I bet Western Dancer in the Ebor at 20/1 to a £1 stake which as an 18 year old student was a big touch! After that I was hooked. I then started betting properly in 1985 at the Cheltenham festival and See You Then became the horse that won me my first real money from the game.

I drifted into Betting Office work which I did for years. I was fortunute to befriend a fellow manager of an office who won at betting regularly. He carved a real profit from the game and went on to become a professional gambler. He still does that now and is a known “face” on Midlands and Yorkshire tracks.

He taught me all the bad habits to avoid, he saved me thousands of
pounds, hundreds of losers and fast tracked me to how to win at the game.

The lessons were invaluable. The myths and cliches were exposed through a few years of racing with him on track, and through further time spent working on the racecourse clerking for an on course bookmaker.

With the knowledge I picked up I managed to stay ahead of the game and stay afloat. At that time I was also working part time in betting offices and then went to work for a prominent tipster as a researcher.

My knowledge base grew through study, reading betting books, learning through my own and other people’s mistakes. I became a regular winner.

As a committed player I moved on to more advanced topics like formulating my own speed figures, statistics, and betting style that allowed me to leave work fully to concentrate on betting professionally.

The Internet has developed in recent years into a tremendous resource for betting. I used that to gain an even greater edge.

I seriously believe that with the advent of the internet in conjunction with tax free betting and betting exchanges such as Betfair, it has never been easier to make money as a punter.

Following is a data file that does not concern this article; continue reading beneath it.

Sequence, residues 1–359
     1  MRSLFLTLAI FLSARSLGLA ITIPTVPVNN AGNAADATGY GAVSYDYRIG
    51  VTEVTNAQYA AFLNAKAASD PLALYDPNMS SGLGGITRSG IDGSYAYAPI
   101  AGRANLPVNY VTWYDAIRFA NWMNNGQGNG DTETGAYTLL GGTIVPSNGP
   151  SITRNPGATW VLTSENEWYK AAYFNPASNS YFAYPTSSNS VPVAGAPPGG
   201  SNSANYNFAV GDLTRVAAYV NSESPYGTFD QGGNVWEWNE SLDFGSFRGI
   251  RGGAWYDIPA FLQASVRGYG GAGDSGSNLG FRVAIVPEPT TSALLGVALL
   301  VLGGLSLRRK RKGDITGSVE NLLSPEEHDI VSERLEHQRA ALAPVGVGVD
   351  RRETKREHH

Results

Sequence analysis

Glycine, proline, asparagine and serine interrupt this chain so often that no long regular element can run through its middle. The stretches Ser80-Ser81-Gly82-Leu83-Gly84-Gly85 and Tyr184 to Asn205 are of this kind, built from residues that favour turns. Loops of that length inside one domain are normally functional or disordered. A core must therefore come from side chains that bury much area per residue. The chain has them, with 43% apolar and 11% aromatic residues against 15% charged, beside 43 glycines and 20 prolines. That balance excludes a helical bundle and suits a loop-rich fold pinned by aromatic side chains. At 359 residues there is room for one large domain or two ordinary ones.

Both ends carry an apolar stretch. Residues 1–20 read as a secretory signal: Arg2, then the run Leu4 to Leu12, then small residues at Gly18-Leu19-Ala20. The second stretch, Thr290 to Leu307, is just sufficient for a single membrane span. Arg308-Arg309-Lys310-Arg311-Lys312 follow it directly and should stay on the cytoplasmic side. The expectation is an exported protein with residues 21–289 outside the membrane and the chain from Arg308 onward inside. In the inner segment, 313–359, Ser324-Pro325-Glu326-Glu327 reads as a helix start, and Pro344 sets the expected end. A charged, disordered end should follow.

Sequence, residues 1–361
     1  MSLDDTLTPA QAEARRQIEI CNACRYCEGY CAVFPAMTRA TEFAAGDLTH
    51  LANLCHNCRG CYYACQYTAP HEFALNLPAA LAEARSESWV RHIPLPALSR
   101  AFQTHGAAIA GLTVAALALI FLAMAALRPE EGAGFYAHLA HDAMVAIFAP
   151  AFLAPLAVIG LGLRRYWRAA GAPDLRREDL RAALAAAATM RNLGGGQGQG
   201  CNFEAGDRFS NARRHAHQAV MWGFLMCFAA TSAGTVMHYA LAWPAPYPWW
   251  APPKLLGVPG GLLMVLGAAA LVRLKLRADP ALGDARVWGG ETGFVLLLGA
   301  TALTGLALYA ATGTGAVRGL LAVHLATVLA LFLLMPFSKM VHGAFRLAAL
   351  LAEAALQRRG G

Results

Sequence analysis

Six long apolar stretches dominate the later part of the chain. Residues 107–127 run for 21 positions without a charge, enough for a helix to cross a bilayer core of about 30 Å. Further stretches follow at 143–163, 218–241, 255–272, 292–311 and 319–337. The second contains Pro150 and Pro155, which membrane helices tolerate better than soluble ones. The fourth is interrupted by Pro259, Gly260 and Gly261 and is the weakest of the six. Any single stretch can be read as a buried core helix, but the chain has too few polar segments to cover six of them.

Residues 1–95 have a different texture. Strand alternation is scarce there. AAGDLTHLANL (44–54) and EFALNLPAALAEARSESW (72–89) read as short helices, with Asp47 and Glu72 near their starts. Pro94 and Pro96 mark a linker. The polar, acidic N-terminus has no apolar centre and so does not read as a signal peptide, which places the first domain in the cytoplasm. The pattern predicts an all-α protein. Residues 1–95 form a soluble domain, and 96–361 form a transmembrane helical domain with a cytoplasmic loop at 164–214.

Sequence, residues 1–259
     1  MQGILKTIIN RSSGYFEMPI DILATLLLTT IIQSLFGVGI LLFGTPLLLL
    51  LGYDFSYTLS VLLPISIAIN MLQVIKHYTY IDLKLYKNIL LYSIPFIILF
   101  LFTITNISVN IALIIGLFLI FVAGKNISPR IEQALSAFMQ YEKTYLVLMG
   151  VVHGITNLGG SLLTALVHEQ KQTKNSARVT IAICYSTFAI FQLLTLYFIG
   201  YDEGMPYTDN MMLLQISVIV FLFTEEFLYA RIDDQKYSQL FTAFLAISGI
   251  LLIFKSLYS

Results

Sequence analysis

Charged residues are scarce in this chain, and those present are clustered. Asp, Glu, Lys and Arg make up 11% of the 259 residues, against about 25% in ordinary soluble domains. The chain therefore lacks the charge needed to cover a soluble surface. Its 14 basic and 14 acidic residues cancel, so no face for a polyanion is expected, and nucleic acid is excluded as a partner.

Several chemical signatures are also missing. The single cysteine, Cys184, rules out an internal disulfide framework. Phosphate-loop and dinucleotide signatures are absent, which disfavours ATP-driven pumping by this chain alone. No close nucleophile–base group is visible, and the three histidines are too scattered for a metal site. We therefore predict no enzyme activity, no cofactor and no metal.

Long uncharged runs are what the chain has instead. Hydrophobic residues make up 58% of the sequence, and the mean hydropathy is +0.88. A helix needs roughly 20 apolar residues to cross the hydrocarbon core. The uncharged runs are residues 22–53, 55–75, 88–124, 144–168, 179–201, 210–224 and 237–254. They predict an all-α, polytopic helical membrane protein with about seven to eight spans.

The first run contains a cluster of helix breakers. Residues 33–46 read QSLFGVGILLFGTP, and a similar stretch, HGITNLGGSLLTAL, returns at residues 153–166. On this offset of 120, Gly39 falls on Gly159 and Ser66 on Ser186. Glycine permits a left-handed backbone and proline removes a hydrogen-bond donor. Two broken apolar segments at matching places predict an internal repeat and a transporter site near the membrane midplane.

Many punters ask me: Can you win money through stable information? Is this the best route to winning money at betting ? I have long held views that there are two types of information. These being what I term Primary Information and Secondary Information.

This is information VERY FEW people get to hear about. It is NOT in the public domain and is information that cannot be bought easily, can’t be guessed, can’t be found without great effort and expense and can’t be bettered.
Certain horses from top UK stables this year were perfect examples of primary information. These are horses that don’t always gallop with other horses and certainly not with “work watchers” peering through binoculars.

They are never mentioned in despatches or gallop reports, they are animals that have a certain amount of ability that have been hidden from everyone, including stable staff, the “pay for information” merchants and the loose talking work watchers. The only people in the know are the trainers and the owner when appropriate.

This is the sort of information that comes from a variety of sources, that is already in the “public domain”. Many people “pay“ contacts for direct horse racing information. This comes from people like stable lads, head lads, bookmakers, credit offices and is often not much good.

It’s “secondary” in the fact that the information is easily accessible to a significant number of people. Far too many people know about it, bookmakers get it as well, and the danger here is that all you are getting are snippets and part of the ”rumour mill merry-go-round” that far too many others have access to.

Every day, horse racing is littered with horses that can be described as being “secondary information” horses.

There is a place for information but I am not a slave to it and you won’t win long term if you rely on it to the detriment of other types of analysis. Like many in the industry for years, I have a team of informants and confidants that pass on all their best news to me but experience over many years has taught me to sieve it, examine it in light of many other factors and treat it professionally and assess it for what it is.

Click here to read Part 1.

By Guy Ward